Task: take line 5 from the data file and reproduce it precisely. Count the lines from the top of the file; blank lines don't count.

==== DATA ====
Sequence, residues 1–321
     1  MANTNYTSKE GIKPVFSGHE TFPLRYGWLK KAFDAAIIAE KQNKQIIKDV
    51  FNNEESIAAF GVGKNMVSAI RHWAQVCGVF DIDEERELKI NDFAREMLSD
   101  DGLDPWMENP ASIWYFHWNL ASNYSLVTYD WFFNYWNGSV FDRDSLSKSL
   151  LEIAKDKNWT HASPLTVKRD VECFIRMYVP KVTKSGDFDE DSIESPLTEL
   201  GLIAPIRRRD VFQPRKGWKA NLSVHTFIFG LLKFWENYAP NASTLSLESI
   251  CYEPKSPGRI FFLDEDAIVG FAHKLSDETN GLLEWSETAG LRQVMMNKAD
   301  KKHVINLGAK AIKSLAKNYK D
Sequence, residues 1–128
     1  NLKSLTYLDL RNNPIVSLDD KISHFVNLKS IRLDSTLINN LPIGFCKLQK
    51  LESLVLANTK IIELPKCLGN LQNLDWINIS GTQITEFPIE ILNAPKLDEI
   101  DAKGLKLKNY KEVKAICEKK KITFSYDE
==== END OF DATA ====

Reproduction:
   151  LEIAKDKNWT HASPLTVKRD VECFIRMYVP KVTKSGDFDE DSIESPLTEL